As a beginner weaver or artist, weaving designs and building compositions are fun but sometimes challenging. There are many design aspects to keep in mind, that it might be hard to decide what can of design to create.
In this post, I will explain seven aspects of building composition on the loom that are helpful for beginners to create and design weaving projects themselves.
- Positive and Negative Space
- Visual interests
- “Working the warp”
- On the loom
Composition on the Loom for Beginners
1.Positive and Negative Space
No matter how big the space is, the goal is to fill it appropriately and create balance.
There are two types of space: positive and negative space. Positive space is the space that is filled in. Negative space is the space that is not filled in. It is your goal to create a harmonious balance between the two types of space.
Left: The black diamond is the positive space and the white triangles are the negative space.
Right: The white diamond is the positive space and the black triangles are the negative space.
Scale plays an essential role in composition. Think of the space- is it small or large?
To create harmony, within a space there must be a balance within the positive and negative space. Therefore the size or amount of space that an object takes up impacts the positive and negative space.
Scale and weight go hand in hand. When an object is added to the composition, it automatically shifts weight to one side. So its important to create balance on the opposite side of the object.
This can be done by setting the object next to, across or above it.
There is a large triangle that takes up most of the space on the top. However below it, is a much smaller triangle that is surrounded with much more negative space. Therefore, an imbalance is created.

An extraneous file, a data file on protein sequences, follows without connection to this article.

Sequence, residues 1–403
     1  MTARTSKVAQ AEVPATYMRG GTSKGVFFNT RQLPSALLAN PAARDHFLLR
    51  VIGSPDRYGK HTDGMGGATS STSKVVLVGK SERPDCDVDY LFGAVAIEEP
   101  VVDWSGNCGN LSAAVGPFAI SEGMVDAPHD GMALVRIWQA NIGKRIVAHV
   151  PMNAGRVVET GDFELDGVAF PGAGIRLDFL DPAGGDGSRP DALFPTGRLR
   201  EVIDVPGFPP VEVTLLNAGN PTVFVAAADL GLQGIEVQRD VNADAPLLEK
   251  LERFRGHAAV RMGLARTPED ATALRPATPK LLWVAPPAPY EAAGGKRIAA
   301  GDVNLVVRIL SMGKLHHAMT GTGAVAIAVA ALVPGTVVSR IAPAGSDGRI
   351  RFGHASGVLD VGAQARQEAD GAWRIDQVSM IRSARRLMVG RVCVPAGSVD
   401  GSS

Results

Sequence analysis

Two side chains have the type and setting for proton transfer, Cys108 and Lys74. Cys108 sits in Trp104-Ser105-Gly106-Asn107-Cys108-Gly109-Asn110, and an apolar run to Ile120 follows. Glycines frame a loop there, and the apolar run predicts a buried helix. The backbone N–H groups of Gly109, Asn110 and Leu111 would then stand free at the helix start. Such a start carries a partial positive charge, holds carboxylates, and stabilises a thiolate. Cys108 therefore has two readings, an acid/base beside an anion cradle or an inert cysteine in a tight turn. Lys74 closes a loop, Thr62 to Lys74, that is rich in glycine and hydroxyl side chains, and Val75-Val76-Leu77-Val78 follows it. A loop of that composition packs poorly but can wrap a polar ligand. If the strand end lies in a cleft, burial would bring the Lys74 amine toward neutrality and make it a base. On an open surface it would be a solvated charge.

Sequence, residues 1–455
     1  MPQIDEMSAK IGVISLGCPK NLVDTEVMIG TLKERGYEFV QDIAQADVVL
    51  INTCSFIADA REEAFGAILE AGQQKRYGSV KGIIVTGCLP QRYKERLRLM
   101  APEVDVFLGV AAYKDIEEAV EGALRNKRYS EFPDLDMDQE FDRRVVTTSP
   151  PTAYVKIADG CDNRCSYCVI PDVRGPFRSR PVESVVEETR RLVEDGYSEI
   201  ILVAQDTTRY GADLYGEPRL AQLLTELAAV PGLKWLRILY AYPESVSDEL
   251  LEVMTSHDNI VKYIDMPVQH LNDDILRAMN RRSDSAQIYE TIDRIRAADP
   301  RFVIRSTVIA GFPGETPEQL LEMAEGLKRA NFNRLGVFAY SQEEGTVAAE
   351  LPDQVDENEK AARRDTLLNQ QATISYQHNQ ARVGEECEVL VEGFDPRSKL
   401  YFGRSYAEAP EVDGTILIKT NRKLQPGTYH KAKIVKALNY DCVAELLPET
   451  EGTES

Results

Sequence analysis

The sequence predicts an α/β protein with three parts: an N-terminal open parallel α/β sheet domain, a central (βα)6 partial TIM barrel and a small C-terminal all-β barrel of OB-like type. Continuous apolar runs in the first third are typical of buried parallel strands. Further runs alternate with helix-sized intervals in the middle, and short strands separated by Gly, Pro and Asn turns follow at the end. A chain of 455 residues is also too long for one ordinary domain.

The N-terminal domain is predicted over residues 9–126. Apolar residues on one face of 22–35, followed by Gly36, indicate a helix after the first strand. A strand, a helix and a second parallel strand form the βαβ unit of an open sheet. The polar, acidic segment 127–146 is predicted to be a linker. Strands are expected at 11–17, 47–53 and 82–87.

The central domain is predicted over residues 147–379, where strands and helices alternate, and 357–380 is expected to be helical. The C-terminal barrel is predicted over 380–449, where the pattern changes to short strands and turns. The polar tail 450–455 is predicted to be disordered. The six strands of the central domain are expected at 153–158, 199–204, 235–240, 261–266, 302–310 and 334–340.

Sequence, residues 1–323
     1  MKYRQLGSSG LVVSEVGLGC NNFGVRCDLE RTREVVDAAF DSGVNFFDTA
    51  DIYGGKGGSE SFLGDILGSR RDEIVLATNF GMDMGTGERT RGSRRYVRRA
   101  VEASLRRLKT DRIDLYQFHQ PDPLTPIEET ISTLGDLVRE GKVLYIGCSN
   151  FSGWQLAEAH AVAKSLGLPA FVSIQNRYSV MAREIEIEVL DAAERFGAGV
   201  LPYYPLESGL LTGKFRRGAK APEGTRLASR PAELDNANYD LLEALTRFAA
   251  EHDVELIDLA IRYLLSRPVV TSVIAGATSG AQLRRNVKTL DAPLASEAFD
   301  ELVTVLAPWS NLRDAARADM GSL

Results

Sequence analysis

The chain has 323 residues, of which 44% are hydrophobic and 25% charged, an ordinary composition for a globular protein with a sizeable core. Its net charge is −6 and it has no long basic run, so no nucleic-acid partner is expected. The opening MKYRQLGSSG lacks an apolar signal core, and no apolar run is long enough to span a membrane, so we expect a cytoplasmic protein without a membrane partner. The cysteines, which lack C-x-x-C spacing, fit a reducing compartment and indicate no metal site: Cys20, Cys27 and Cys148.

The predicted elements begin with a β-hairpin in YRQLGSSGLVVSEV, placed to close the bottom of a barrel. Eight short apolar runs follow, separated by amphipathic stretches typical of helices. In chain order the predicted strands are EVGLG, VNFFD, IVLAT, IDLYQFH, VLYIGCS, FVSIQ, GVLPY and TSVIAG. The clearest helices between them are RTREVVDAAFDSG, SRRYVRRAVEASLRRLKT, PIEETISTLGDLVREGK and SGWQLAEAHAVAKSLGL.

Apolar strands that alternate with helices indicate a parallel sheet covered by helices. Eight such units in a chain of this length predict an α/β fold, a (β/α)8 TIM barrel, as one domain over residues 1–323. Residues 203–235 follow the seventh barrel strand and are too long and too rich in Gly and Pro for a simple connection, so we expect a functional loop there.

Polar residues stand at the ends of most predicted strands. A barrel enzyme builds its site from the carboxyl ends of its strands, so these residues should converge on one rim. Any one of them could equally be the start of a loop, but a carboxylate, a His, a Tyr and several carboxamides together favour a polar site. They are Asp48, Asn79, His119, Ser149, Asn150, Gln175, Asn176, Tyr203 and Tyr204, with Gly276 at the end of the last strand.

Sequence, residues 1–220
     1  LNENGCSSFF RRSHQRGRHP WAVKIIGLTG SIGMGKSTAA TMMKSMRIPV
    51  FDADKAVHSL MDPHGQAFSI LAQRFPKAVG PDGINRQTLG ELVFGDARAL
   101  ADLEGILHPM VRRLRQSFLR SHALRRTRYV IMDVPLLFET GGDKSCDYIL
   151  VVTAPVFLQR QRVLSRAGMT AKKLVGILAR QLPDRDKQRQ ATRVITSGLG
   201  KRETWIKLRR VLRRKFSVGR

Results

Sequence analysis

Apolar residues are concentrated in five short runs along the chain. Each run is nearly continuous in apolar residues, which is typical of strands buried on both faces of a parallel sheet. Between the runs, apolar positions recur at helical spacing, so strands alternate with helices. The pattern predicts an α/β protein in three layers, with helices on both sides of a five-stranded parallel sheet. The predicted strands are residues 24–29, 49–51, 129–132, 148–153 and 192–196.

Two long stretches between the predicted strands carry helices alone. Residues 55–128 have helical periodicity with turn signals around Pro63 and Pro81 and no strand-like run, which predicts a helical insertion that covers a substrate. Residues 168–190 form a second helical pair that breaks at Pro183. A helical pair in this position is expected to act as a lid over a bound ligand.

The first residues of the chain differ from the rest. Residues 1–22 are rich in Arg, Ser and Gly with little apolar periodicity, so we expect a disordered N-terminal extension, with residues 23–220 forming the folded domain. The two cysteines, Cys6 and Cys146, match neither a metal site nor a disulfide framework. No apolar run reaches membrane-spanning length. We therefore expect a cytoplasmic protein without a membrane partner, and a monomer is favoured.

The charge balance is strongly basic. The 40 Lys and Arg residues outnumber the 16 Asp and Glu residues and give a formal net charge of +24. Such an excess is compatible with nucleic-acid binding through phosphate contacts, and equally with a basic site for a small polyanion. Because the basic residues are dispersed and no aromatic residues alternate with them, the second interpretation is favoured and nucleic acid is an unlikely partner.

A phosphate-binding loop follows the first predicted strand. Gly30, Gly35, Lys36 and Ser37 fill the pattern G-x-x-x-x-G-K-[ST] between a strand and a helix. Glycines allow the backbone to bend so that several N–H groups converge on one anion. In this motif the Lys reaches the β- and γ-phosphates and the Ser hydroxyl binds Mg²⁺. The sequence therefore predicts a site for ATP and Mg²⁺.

There is a large triangle that takes up most of the space on the top. In order to counterbalance this, three small triangles are stacked in a larger triangle formation. Doing this, takes up more negative space, and balances the weight of all the objects on the page.
Two triangles are side by side. In order to balance them two more triangles must be placed below them. But those triangles don’t have to be filled in, yet just the outlines can provide enough weight or illusion of weight to create balance between all four triangles.
Balance can be achieved in various ways.
Placing objects side by side, or mirroring, distributes the weight evenly. The objects have a similar weight and take up the same amount of negative and positive space.
Here the pattern repeats itself throughout the page. Patterns create an uniformed appearance of the objects throughout the composition.
Angles are used to create balance in weight by shifting the weight of the viewer.
Balance Mistakes to avoid
1.Adding too much weight to one side. (left)
Avoid placing too many objects on one side of the space. In this example, the lower part of the space is filled with too many object, leaving the upper area open with too much negative space.
2.Not enough visual angles. (middle)
Avoid hiding too much of the angles and leaving too much negative space uncovered. The role of angles is to move the eye of the viewer, therefore by exposing more of its shape in the composition and using various other angles, the design will become more dynamic.